Download the series: “Inspire Greatness”

IG_IconIf all we do is recycle old ideas and attitudes, and do the same old things we’ve always done, we’ll get the same results we’ve always gotten. So as we begin this brand new decade, we’re going to be talking about the anatomy of greatness. To pursue it, to aspire, to dream, to do great things to honor God and help people is not only noble, but necessary.


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Reflections on Five Years at The Gathering

This past weekend was the fifth anniversary of The Gathering Nashville.  It’s hard to believe that five years have already gone by.  Without overstating the fact, they’ve certainly been five of the greatest years of my life in ministry.  Not only has my family flourished, but my faith and my passion to be a pastor has been reborn.

When I committed my life to be a pastor almost 40 years ago, I had no idea what I was doing, really.  But it’s been a great adventure, incredibly rewarding, and I truly believe that my best days are ahead.  Why? Because of what I’ve experienced over the last five years.

It’s hard to believe, since we’ve been in Nashville since 1989 (over 20 years), 16 years of that time has been spent in rented facilities.  I’ve learned something.  That is that the church doesn’t need buildings, brick and mortar, and a lot of creature comforts in order to be real, dynamic, and growing.  In fact, buildings can be a downright liability.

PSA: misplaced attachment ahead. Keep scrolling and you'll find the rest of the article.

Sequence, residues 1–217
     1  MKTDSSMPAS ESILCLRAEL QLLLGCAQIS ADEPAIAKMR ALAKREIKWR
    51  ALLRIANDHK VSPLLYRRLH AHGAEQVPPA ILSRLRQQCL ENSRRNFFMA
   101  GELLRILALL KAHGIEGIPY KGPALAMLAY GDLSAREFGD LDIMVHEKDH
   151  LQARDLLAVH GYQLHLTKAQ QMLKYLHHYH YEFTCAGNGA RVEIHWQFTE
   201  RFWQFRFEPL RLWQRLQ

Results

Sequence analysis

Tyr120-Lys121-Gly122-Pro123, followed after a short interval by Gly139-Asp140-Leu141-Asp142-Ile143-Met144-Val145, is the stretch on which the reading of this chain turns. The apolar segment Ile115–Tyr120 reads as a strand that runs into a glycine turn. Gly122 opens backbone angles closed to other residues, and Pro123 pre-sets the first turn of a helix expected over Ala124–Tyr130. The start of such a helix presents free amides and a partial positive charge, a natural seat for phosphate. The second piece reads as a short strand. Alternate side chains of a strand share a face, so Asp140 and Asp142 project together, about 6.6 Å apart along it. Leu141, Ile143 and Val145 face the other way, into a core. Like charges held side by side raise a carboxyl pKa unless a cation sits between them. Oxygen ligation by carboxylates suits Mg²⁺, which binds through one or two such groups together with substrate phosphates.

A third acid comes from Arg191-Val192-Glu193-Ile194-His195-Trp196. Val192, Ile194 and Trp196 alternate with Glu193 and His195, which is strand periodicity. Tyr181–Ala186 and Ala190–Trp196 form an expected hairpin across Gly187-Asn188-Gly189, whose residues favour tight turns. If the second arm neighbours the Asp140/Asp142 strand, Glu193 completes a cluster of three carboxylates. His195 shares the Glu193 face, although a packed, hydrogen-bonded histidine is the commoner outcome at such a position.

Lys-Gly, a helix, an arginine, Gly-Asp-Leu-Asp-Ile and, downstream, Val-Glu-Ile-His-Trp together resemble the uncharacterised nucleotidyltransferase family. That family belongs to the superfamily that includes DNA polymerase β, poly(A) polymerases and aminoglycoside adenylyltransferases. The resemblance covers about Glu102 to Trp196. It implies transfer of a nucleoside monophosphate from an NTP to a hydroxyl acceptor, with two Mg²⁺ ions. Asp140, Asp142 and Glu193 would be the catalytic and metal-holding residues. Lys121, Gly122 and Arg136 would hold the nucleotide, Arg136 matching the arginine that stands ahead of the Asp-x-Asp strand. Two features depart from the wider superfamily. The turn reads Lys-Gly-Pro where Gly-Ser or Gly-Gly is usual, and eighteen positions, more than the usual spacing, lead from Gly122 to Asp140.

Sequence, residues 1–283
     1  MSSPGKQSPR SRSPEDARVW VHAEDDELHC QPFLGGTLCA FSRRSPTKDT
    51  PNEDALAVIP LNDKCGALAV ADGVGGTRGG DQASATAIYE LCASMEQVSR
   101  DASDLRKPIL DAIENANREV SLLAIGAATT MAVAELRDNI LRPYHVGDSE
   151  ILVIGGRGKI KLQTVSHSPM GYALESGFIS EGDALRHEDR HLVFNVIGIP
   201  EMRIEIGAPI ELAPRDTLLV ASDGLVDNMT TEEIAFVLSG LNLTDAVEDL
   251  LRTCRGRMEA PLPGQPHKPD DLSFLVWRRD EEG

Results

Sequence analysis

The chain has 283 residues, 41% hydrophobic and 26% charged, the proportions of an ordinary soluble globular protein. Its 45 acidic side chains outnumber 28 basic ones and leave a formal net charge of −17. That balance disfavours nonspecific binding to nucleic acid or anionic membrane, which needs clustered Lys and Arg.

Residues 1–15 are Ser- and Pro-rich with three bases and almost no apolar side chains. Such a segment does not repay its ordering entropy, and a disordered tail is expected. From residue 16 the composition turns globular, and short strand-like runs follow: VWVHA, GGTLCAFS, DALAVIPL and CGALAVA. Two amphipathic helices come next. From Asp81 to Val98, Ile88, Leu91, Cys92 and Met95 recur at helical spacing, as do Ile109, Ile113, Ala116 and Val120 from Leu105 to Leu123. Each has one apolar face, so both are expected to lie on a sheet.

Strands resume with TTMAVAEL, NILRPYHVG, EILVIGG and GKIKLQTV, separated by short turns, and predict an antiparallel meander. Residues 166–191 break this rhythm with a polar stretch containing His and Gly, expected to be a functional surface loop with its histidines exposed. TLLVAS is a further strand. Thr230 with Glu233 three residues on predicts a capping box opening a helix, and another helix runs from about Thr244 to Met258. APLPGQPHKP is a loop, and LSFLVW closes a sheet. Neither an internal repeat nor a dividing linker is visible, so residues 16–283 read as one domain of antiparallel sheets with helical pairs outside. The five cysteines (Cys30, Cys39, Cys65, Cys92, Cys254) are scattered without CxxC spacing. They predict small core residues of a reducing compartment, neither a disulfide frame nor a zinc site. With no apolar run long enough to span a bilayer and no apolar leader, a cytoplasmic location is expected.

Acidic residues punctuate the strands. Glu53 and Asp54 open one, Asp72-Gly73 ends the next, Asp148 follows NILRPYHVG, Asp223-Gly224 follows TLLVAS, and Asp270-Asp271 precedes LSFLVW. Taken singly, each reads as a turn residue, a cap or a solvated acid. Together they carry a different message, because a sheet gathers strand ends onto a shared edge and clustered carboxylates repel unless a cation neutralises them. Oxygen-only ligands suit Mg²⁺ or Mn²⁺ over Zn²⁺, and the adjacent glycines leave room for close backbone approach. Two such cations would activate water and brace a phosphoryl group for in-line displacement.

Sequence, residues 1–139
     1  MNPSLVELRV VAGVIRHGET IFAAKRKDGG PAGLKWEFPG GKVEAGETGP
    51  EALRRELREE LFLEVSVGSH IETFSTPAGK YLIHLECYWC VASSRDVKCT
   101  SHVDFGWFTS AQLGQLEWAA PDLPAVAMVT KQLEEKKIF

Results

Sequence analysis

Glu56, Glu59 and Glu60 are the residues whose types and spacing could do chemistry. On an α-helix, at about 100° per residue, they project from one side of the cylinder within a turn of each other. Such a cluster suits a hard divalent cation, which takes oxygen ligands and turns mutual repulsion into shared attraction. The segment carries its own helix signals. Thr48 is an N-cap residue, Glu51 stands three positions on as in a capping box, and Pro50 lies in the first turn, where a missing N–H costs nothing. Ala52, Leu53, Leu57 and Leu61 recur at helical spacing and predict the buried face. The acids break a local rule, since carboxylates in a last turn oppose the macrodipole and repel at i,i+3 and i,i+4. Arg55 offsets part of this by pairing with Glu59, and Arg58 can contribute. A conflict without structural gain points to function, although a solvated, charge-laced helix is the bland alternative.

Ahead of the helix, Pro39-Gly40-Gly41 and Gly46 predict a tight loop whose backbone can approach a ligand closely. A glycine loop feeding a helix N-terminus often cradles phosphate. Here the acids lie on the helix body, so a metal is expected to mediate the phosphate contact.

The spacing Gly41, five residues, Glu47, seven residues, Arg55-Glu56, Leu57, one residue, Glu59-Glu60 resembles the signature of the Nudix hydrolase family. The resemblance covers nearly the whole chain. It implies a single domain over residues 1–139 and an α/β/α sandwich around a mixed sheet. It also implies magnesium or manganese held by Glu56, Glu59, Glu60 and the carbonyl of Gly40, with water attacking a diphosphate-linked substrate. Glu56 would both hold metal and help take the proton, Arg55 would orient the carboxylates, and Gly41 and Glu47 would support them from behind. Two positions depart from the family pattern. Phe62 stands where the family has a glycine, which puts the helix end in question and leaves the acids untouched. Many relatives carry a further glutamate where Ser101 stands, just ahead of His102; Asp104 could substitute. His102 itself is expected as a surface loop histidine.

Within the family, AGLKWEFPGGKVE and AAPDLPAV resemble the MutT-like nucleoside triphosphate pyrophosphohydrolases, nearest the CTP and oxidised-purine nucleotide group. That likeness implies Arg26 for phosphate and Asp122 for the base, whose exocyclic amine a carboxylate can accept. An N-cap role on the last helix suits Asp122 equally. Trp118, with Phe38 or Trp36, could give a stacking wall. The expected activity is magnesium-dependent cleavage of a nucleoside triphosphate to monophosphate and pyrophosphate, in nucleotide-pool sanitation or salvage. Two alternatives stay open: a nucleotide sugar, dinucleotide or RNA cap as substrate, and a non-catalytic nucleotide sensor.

Just take a listen to my talk this weekend about the one fundamental fact that I think changes everything for the American church.  That is, we have to retain the belief that what we do matters, that we are indeed out to change the world.  We’re not maintaining some religious civility.  We’re introducing into the culture the only hope that we’ll ever have.  And that’s Jesus.  We talked about what’s gone wrong with the American church, where we are as a growing church here in Nashville.  And we also talked about our three U’s: our urgency, our uniqueness, and our unity.

Let me know what you think.  Do you believe that the future of the American church is bleak in light of the fact that 42 million Christians have left the church, or bright, in that so many new churches are beginning?